AdSense Leads Google's Drive for Dominance

  |  October 19, 2006   |  Comments

Industry sources expect Google to command one out of every four dollars spent on interactive ads. The company's contextual ad network is a critical piece of the pie.

If Google's earnings are on track this week, eMarketer estimates the company could take in about one quarter of U.S. Internet ad revenues for 2006.

A big part of what's driving that growth is the expansion of AdSense, Google's mammoth contextual ad network. While second quarter earnings pegged revenues on Google's own sites higher than on AdSense sites ($1.43 billion versus $997 million), AdSense has the larger reach, according to Kim Malone, director of AdSense online sales and operations.

"If you want to go to one place to reach audience, AdSense is the place to do it," she said during an interview in ClickZ's offices earlier this week.

Yet marketers tend to think of the AdSense network as a sea of text links sprinkled uniformly across the Web's long tail, heavy on remnant inventory and light on branded ad offerings. Google's now in the midst of a push to change that perception with strategies like embedding account reps in the offices of blue chip advertisers and trotting out impressive case studies on rich campaign deployments across the AdSense network.

Google views partnering as the easiest way for it to build traffic, as evidenced by the company's recent distribution deals with MTV and News Corp.'s MySpace, and its AOL deal earlier this year.

"It's almost like Mark Twain and Tom Sawyer getting kids to paint the fence for them and getting ads on the site, but not having to build traffic," said David Hallerman, senior analyst at eMarketer. "It's a very powerful means of revenue without, relatively speaking, doing much work."

For Google, the message to marketers is that AdSense is a great place to get both reach and customization. While the majority of campaigns on the network are run through Google's AdWords dashboard, customization and even on-one support are a growing part of the offering.

The AdSense team will work with larger advertisers to find niche sites that fit with the product or campaign messaging. But to what extent will blue chip marketers want those sites? "CMOs are really beginning to understand the importance of the long tail," said Malone.

But, she acknowledges, the company is striving to score ad distribution with blockbuster sites and content as well. "We're also really excited to work with MTV. It's going to be interesting to watch the interaction of blockbuster content and the long tail."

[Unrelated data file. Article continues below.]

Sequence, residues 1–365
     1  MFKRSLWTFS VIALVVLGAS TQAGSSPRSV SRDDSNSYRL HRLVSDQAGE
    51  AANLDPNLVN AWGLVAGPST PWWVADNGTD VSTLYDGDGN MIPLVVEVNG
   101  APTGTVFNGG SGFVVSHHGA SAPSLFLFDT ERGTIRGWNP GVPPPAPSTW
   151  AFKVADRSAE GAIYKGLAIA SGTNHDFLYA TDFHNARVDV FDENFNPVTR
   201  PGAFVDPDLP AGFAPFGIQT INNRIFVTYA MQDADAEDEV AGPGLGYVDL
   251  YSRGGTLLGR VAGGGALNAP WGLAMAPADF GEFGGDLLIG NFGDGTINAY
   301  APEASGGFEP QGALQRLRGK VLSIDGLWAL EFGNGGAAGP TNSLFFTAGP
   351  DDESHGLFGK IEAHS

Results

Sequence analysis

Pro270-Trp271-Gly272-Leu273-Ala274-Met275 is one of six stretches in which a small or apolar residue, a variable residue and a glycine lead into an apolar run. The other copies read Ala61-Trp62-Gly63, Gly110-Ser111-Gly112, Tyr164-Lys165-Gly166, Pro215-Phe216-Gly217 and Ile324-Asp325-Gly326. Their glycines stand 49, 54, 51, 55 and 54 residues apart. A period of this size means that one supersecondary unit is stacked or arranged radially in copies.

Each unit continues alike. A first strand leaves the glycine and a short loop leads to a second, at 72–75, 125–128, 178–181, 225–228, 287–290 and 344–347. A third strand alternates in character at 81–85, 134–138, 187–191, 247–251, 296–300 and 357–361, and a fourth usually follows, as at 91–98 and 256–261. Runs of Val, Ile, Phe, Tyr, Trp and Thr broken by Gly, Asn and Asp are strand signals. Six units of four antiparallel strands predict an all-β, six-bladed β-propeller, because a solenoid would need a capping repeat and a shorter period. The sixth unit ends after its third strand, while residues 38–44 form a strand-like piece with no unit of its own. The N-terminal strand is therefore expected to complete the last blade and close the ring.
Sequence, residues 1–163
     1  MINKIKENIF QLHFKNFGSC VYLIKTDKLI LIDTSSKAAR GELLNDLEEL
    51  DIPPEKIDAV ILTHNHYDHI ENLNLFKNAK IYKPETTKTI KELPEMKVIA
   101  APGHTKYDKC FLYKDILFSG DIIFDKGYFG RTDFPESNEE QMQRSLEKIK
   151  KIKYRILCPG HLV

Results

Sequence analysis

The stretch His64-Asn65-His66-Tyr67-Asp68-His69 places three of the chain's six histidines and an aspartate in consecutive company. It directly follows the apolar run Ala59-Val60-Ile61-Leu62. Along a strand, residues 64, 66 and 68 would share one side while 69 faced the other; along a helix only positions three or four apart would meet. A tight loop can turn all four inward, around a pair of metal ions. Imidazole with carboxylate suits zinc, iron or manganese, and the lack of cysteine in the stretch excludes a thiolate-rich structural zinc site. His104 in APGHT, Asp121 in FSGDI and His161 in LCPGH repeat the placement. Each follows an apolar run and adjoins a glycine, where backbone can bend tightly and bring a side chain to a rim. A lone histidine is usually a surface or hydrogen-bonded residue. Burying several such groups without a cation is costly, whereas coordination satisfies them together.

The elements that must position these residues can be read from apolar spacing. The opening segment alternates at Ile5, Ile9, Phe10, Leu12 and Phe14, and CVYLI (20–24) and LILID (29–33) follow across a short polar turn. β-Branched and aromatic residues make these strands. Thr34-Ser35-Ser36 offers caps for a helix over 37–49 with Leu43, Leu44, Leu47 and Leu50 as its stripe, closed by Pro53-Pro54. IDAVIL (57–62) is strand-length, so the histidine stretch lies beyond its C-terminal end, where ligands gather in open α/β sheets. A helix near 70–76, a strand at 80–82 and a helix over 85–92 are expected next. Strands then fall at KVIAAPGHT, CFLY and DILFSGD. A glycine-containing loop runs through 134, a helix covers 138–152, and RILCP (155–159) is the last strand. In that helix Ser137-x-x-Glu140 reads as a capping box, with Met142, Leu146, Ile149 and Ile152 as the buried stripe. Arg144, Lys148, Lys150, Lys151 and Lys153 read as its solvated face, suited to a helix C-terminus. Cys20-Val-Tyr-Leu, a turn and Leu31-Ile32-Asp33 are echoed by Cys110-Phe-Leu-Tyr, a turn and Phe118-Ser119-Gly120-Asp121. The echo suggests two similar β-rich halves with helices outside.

Malone describes a long-tail network buy in which an auto manufacturer with a sponsorship of a Texas county fair advertised specifically on sites related to the fair. Another advertiser, Saturn, used a combination of AdSense sites, Google Maps and video content to create rich, local experiences for regional car buyers.
In a third instance, the AdSense team broadened the scope of a campaign for a car insurance provider by targeting sites related to life-changing moments like parenting, graduation, wedding, and even divorce. In both instances, neither advertiser would have been able to reach the targeted sites without the targeting AdSense provides.

Despite all the talk about razor sharp targeting, behavioral targeting is definitively not in the cards. "Behavioral targeting is not something that Google [AdSense] will do," affirmed Malone.

Google's positive message about AdSense is somewhat undercut by the company's unwillingness to share particulars of general ad performance across the network. Malone declined to comment either on the average click-through rate across the network or on the percentage of AdWords marketers who will only advertise on search results – thus shunning the network.

Earlier this year AdSense added video to the mix. Malone hypothesized that with regard to TV ads, AdSense could eventually serve as a testing ground for creative, so advertisers and agencies can determine which execution to use in more expensive TV buys.

"It's good for users and advertisers," she said. "Advertisers can go beyond the :30 spot and ask questions."

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Enid Burns

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